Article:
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African Diasporic Music: Designed to Conquer the World

Singer/songwriter Rosetta Tharpe owning the building. Tharpe is one of few women artists remembered for fronting a band in the 1930s and 1940s. Source: Michael Ochs Archives

Some of the biggest syrupy theories on the origin of rock & roll and jazz tie it inevitably to slavery, as if that is what you get when humble African melodies and rhythm crawl through the horrors of U.S. bondage and back out the other side. And when it staggered to its feet, it allegedly pounded with the kind of passion, pain and fire that could engulf the world.


There was nothing humble about the music’s African origins, however, says Jackson State University Associate Professor Dr. Lisa Beckley-Roberts. The things that give it magic evolved independent of America’s centuries-long love affair with slavery.


“What creates a groove is the space between the sounds, the anticipation of the beat dropping or the baseline or the hook,” says Beckley-Roberts. “It’s not something that can be written. It’s the expectation of what’s to come. I think that element that we find in all African (diasporic) music is what makes it so powerful.”


“We talk about ‘backbeat’ in music with the accent on beats ‘Two’ and ‘Four’ in the measures."

The professor smiles and holds up her hands. "African music emphasizes: One … Two/*CLAP* … Three … Four/*CLAP*,” she says with two timely smacks. “European folk music emphasizes: One/*CLAP* … Two … Three/*CLAP* … Four. That’s the only difference between blues and country & western, because they’re sister traditions, really. That backbeat right there is part of what makes the music so powerful.”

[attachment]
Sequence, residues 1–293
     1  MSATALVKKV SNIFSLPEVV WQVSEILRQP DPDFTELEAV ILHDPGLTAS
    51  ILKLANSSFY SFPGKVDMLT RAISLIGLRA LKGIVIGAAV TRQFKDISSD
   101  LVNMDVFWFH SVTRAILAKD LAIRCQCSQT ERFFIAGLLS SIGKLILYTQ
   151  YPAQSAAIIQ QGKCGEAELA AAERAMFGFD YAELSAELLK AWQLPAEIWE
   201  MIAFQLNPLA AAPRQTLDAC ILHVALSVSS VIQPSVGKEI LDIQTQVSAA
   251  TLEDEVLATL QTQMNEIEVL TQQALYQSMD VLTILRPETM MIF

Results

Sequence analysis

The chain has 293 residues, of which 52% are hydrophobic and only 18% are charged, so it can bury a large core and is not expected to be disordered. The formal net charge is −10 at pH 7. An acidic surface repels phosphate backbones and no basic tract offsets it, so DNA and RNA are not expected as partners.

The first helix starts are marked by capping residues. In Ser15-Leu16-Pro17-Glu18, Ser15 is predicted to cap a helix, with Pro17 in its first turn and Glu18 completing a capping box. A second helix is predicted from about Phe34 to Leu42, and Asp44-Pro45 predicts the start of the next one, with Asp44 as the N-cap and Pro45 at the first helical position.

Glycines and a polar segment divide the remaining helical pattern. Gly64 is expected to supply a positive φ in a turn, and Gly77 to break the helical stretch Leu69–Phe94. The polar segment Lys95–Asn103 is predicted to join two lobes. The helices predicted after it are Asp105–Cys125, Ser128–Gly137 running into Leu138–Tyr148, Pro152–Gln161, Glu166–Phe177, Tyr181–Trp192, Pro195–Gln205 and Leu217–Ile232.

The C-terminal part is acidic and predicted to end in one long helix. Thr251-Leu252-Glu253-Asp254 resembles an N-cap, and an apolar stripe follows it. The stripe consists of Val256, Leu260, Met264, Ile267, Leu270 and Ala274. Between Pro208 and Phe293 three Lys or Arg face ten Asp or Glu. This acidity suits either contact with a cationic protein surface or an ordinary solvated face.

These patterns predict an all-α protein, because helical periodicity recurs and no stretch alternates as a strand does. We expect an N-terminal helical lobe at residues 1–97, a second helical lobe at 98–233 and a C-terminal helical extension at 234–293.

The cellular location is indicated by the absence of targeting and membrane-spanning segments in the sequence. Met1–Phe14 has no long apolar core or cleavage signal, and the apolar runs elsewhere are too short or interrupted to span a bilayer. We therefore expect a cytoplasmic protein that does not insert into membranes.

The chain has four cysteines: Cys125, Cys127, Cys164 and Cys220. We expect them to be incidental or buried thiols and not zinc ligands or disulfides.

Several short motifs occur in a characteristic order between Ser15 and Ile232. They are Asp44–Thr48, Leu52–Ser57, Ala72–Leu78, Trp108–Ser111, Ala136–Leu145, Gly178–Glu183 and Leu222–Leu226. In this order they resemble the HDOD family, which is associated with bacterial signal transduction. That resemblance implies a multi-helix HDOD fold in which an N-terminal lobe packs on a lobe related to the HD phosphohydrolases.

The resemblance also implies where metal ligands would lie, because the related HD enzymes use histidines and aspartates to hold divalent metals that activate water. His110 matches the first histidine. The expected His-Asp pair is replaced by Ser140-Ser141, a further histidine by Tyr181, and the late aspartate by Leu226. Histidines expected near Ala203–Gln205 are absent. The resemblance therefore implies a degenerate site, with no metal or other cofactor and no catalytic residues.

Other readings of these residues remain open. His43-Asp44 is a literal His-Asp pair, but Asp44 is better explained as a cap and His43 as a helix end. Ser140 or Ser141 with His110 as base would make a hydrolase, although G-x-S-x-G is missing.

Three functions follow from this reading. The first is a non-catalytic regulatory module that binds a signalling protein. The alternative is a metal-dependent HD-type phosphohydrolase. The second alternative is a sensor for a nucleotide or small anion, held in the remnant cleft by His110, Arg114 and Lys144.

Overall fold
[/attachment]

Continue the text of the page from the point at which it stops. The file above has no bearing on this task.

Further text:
I heard the adage: “white folk always come in on the first and third,” but it’s hilarious to see it presented with such mathematical flourish.



The Sound that Seizes

African diasporic music is also unique in that it doesn’t just entertain the listener. It seeks to possess them in much the same manner as “spiritual possession” rituals in places like Haiti—a nation that maintains robust roots to African religious practices.


Jackson State University Associate Professor Lisa Beckley-Roberts, who specializes in Ethnomusicology, African Music/Dance and Africana religious practices, says the sound that makes Black music so contagious goes back much further than slavery.

“All of this is part of the same African aesthetic and spirituality,” says Beckley-Roberts. “Africans go to a place of worship to embody and become God—that’s the whole idea of possession—whereas Europeans go to places of worship just to feel the spirit. I think there’s a big difference.”

And because African diasporic music has always been about embodying power rather than hearing it, African people have spent years honing the sound to draw you in. Humans have been walking the African continent for more than 300,000 years, so they’ve likely been refining the style since the time of dire wolves, American mastodons and saber-tooth cats. They’ve certainly been hammering on it long before the first person kidnapped into slavery started a "call and response" exchange on a hot Mississippi plantation.


Beckley-Roberts says the style arises from the desire to make music a communal event, to embody the spirit and to come together and interact. Even when people aren’t directly involved in the act of dancing and drumming in this music, they’re lending energy to the effort through their voice or by hand clapping or foot stomping. And to this day it’s extremely hard not to move when the music hits. A strong, powerful gospel singer can make the most jaded atheist want a piece of whatever it is that’s inspiring that sound.


“African rooted music has a groove, a repetitive rhythm, which is hypnotic, so it appeals to both your body and your mind. There’s a meditative element to it,” said saxophonist and composer Steve Wilson, who in addition to his impressive sound portfolio also serves as co-director for the Jazz program at the Ravinia Steans Music Institute. “The pentatonic scale, which you hear in some form in virtually all forms of pop music, particularly the blues, is the sound of humanity. That’s the sound of moaning. That’s the sound of joy. That’s the sound of the human condition.”